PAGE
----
A version of this story first appeared in Gear Patrol Magazine. Subscribe today
For years now, pneumatic compression sleeves — aka “recovery boots” — have been used by professional athletes in an effort to speed up recovery and enhance performance. NBA stars such as LeBron James and Kevin Durant swear by them, as does half the NFL. But their lofty price tags beg the question, do recovery boots make sense for everyday athletes? Hell, do they even work? Here’s what you need to know.
First off, what are recovery boots?
Recovery boots use a technique called intermittent pneumatic compression originally designed to treat patients suffering from lymphedema, deep vein thrombosis (DVT) or pulmonary embolism (PE). They’ve become a fixture at gyms and physical therapy offices for the purpose of helping athletes flush metabolic waste from their bodies after grueling workouts. Recently, major brands have begun offering consumer versions for home use.
How do they work?
While designs vary from brand to brand, the general premise is the same: a pump fills a pair of inflatable boots with air, starting at your feet and squeezing up your legs like a tube of toothpaste.Theoretically, this type of dynamic compression increases blood flow to tired muscles, flushing out unwanted toxins that naturally result from working out and reducing inflammation from small muscle tears.
Are there any other benefits?
Improved circulation, reduced inflammation and reduced recovery time are the main reasons both pro and amateur athletes reach for recovery boots. According to some physicians, as well as the brands that sell the boots, they offer other benefits, too: increased flexibility, lower levels of muscle soreness and better injury prevention.
What does the science say?
Here’s where things get weird. Pneumatic compression’s efficacy is well-studied in the medical field, with experts mostly agreeing that recovery boots help patients suffering from lymphedema or DVT (in other words, people with compromised circulation). But what about healthy individuals — like, say, elite athletes at the top of their game? Depends whom you ask.
One 2018 study, published in the International Journal of Exercise Science, found that daily use of recovery boots “significantly decreased” muscular swelling and other consequences of working out. But another study, published in the same journal just last year, found that pneumatic compression “offered little to no benefit in recovery” when used by healthy subjects.
Has Gear Patrol tested them?
Yes, we’ve tested various recovery boots from leading manufacturers. Generally, they’re easy to use, easy to store and feel really, really good. Though the jury’s still out on the physiological benefits, there’s something to be said for their passive approach to recovery, especially for athletes who tend to cut corners on stretching or self-massaging with a foam roller. These boots do the work for you, while you catch up on your Netflix queue.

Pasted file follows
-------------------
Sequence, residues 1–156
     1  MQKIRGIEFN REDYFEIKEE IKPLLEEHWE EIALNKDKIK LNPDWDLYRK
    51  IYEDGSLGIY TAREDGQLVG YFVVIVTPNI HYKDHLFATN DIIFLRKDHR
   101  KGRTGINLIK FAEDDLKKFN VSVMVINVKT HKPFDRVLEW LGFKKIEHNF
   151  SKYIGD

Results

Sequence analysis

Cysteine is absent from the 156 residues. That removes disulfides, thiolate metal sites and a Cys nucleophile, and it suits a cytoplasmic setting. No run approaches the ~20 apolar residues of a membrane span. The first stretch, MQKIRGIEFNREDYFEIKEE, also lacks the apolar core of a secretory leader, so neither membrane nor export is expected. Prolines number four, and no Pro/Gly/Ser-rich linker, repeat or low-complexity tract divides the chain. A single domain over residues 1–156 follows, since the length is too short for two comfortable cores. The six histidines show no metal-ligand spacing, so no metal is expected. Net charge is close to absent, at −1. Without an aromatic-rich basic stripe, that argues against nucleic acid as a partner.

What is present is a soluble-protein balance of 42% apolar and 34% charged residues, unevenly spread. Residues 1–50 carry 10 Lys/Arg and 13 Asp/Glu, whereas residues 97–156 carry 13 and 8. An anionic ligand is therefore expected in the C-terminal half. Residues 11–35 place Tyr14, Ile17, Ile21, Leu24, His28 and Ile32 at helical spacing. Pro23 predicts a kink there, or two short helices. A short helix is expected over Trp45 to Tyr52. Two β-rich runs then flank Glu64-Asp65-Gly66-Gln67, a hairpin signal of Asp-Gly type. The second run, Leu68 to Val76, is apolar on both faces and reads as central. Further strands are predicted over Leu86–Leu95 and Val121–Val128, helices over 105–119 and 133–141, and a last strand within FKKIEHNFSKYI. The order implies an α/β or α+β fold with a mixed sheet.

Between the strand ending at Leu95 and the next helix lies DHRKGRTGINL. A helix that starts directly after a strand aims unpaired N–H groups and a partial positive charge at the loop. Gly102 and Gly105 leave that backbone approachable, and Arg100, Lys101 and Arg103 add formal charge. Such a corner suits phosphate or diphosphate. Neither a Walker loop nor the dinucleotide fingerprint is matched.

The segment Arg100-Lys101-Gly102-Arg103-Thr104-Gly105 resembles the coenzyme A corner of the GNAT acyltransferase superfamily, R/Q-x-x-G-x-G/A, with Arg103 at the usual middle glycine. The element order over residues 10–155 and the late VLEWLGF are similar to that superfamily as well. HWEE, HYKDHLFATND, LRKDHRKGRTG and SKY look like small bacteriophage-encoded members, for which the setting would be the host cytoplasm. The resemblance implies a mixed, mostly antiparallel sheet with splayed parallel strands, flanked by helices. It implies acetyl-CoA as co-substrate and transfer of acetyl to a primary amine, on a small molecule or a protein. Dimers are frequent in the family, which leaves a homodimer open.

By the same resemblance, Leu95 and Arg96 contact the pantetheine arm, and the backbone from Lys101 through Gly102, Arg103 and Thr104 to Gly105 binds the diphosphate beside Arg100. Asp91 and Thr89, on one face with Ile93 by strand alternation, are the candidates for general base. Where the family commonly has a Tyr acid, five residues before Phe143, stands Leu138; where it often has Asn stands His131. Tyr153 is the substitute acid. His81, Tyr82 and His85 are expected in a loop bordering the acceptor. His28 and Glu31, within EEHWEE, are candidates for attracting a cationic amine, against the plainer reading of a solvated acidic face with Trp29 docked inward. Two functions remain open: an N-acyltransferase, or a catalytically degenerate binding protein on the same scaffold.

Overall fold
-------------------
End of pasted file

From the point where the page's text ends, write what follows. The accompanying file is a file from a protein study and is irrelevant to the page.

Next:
Any downsides or risks?
Numbness in your legs may occur if the pressure setting is too high. However, there are no major downsides to using recovery boots, even if the science doesn’t necessarily check out. The biggest risk is spending a bunch of money on a tool that certainly feels good but doesn’t actually work as advertised. Speaking of money ...
How much do they cost?
Recovery boots don’t come cheap. Hyperice, the leader in the space, offers several different packages — including additional items for your hips and upper body — under the brand name Normatec. Basic boots start at
$899 $799 and quickly escalate from there. Therabody, which makes the Theragun, came out with its own line of recovery boots earlier this year. The RecoveryAir costs $699 and comes in three sizes — small, medium and large — while a Pro version, with more control settings, will set you back $1,299.
Are there cheaper alternatives?
If you fantasize about the possibility of sitting in front of your TV for hours while getting a leg massage, be prepared to shell out. However, recovery is a growing category, with new products launching seemingly every day.
Both Hyperice and Therabody offer massage guns, which retail for just a couple hundred bucks (though far cheaper options abound). Massage guns are more active in their approach, employing percussive therapy to break up lactic acid and increase blood flow; of course, they require you to be more active in using them, too. If you find yourself on the road a lot, they’re also far more portable.
You could also just buy yourself a foam roller, which will set you back anywhere from $10 to $40. Though less impressive than a pair of state-of-the-art recovery boots, foam rollers are pretty effective at targeting sore muscles. And you can still use one in front of the TV.
So, what’s the verdict?
An exciting product with a lot of promise, recovery boots are anything but a straight for-ward buy — especially for everyday athletes. There just haven’t been enough studies to justify the current price of entry. But like with some supplements, if you’re a hardcore athlete who likes to stay on the bleeding edge of sports science, the cost may be an easier pill to swallow.